How Hackers Can Crack People's Uber Accounts to Sell on the Dark Web

Who needs to improve their security: Uber or its users?

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May 4 2015, 3:00pm

Image: MAHATHIR MOHD YASIN/Shutterstock.com

After hacked Uber accounts appeared for sale on the dark web for as little as $1, victims in both the United States and United Kingdom have complained of fraudulent trips being made on their accounts, often racking up hundreds of dollars worth of bills. Now, one hacker has shown Motherboard how those accounts may have been broken into.

It started with a thread on an account cracking forum, written in December 2014. This advertised a configuration file that, when combined with an account cracking program, helps hackers break into accounts on websites. The configuration file tells the cracking program how exactly to interact with a specific website, so different login attempts can be made as quickly as possible.

The hacker who alerted Motherboard to the thread, who used the screen name "Aaron", explained how this process worked. First, a hacker will get hold of any of the myriad data dumps of email and password combinations that are circulated in the digital underground. This list of login details will then be loaded into a computer program along with the Uber website configuration file. From here, the program will cycle through all of the login credentials and try them on the Uber website, in the hope that they have also been used to set up an Uber account.

Using the same email and password on multiple services appears to be the root of these hacked accounts.

"It's basically checking a database dump/account list against a certain website and displaying results," Aaron told Motherboard over encrypted chat.

Aaron then demonstrated this process, and had accessed an Uber account within minutes. He tested 50 email and password combinations sourced from a leak of a gaming website, and two worked successfully on Uber. Aaron claimed one of these was a rider's account, and he then sent several censored screenshots of the user's trip history and some of their credit card details.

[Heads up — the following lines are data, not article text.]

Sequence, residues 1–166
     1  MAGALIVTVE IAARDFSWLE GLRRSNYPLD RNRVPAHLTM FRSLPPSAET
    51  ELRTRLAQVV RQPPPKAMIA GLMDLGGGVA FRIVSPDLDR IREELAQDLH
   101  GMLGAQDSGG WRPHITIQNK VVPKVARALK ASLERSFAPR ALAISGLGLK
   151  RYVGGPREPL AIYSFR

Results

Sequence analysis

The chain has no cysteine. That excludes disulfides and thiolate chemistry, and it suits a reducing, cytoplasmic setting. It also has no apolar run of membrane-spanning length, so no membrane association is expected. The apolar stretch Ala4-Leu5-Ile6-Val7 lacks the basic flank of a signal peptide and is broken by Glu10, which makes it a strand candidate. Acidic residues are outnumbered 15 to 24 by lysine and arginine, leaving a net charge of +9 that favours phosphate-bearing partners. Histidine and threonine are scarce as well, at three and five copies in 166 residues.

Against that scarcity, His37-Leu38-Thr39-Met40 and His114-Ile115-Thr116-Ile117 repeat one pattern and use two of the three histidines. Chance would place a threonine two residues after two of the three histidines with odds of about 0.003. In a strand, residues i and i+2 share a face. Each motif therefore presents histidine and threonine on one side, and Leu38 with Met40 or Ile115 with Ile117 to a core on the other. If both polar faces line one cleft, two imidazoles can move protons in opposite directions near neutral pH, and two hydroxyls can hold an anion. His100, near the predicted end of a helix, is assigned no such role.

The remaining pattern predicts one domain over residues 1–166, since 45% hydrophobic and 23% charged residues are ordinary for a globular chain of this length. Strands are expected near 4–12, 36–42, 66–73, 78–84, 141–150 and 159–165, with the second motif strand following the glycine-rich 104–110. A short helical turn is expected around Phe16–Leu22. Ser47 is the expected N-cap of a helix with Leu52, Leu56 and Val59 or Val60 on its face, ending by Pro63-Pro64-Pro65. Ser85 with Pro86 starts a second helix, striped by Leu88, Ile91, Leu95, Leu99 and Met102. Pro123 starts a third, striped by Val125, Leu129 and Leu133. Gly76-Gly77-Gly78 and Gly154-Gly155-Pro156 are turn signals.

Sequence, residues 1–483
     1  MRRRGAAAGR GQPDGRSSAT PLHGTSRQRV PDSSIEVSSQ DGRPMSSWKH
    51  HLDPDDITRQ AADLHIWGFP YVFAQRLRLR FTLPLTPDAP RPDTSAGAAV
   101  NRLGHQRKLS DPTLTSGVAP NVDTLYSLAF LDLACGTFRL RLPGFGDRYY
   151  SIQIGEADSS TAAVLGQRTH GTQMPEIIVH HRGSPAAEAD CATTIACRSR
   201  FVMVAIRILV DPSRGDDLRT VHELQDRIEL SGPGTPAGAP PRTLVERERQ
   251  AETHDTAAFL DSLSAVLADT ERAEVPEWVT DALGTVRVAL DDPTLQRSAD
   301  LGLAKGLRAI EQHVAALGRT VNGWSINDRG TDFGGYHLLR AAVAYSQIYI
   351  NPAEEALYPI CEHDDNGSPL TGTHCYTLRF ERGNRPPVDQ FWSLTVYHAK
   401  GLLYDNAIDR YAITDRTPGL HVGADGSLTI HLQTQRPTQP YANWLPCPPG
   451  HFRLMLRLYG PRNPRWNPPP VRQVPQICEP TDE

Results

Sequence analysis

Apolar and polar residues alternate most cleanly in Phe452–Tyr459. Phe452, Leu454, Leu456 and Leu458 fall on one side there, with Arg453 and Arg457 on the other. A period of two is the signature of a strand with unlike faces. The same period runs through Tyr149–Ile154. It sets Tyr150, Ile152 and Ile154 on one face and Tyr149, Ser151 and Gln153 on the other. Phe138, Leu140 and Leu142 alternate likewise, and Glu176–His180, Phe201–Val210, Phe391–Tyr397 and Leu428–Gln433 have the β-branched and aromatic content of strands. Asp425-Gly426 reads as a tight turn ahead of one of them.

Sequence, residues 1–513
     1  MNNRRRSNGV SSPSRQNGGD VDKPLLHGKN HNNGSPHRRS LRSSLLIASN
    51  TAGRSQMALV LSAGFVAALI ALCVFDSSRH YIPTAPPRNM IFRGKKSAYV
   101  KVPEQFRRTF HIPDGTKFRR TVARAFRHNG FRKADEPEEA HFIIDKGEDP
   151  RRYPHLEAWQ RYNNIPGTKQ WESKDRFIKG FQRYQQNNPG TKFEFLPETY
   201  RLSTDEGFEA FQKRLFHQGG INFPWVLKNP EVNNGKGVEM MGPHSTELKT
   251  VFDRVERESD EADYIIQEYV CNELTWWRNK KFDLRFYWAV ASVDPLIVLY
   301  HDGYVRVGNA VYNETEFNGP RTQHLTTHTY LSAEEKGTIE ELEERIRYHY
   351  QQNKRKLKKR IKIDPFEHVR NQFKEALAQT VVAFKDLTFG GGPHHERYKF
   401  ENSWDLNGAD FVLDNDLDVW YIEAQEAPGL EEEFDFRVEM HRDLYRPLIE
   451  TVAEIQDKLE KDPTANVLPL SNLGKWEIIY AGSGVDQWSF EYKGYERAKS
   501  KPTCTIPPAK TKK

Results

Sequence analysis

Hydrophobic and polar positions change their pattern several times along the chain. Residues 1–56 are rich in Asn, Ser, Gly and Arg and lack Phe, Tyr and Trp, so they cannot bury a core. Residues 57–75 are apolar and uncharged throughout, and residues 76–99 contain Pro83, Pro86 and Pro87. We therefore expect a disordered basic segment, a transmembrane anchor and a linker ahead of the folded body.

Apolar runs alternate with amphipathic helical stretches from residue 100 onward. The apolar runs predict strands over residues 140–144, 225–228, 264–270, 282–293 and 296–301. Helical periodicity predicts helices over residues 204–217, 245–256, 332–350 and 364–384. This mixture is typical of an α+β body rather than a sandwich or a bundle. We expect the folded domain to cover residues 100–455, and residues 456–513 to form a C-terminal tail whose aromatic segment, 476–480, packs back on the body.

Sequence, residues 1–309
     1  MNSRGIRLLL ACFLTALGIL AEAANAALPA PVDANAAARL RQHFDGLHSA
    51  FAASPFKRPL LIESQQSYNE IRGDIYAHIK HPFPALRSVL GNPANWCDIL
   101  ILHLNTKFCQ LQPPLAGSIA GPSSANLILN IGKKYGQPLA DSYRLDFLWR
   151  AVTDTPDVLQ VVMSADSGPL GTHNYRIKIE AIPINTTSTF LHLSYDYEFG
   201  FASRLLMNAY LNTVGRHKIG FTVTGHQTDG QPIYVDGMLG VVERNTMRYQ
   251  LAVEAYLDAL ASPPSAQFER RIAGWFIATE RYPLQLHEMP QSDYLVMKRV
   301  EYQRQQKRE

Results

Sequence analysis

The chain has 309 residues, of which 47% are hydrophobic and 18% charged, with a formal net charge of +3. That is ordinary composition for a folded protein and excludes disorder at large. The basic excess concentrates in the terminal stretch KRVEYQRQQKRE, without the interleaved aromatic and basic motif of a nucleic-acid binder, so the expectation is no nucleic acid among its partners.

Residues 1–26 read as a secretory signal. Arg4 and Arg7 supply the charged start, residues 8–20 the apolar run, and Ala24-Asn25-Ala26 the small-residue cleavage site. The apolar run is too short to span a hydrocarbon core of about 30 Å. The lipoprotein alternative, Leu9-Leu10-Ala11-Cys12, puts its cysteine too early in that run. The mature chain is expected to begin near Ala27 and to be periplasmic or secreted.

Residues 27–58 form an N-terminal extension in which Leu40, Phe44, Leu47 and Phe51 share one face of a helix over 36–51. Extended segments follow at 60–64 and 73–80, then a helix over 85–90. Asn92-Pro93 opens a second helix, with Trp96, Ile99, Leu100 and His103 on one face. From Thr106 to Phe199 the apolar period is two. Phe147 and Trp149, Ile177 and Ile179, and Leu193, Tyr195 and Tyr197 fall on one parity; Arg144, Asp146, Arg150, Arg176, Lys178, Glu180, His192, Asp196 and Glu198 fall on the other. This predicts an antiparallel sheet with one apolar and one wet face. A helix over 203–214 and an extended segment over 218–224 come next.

Using the same email and password on multiple services, which is generally considered to be a bad security practice, appears to be the root of these hacked accounts. During previous reporting, victims told Motherboard that they used the same password on other sites as they did on Uber.

This latest finding supports Uber's previous claims that its own systems were not breached. Uber did not immediately respond to a request for comment.

"Uber is at fault too for not having simple scripts that could delay or totally prevent the attackers from making a [configuration file] which would crack accounts on their website," Aaron said.

Ryan Lackey, product manager at CloudFlare, a website protection company, elaborated. "A CAPTCHA [a small test that humans can pass but computers typically cannot] is a good way to restrict large numbers of attempts to check passwords," he wrote in an email. "But it also degrades the user experience. You need to think carefully about when they're appropriate, especially on mobile—if Uber threw up a CAPTCHA when I booked a car, I'd probably switch to Lyft."

Lackey didn't think that Uber should be blamed. Instead, he said, "The real fault here is platform vendors and the security industry as a whole for not providing better user authentication options in an easy-to-use way for mobile app developers."

One possible solution would be "a hidden device-specific key," which would mean that only a user's registered phone could order an Uber taxi. In short, Lackey said, "You really need something better than passwords to authenticate users."

In the end, Lackey feels, "Clearly the most at-fault party here are the criminals going after the accounts."

Update 05/04/2015: Uber responded with the following comment: "Keeping our systems secure is a priority and an ongoing effort at Uber. We use a variety of technical controls to do this and are always adding additional mechanisms to enhance security.

As we have stated previously about this specific report: we investigated and found no evidence of a breach, and we notified the authorities about this report. This is a good opportunity to remind people to use strong and unique usernames and passwords and to avoid reusing the same credentials across multiple sites and services."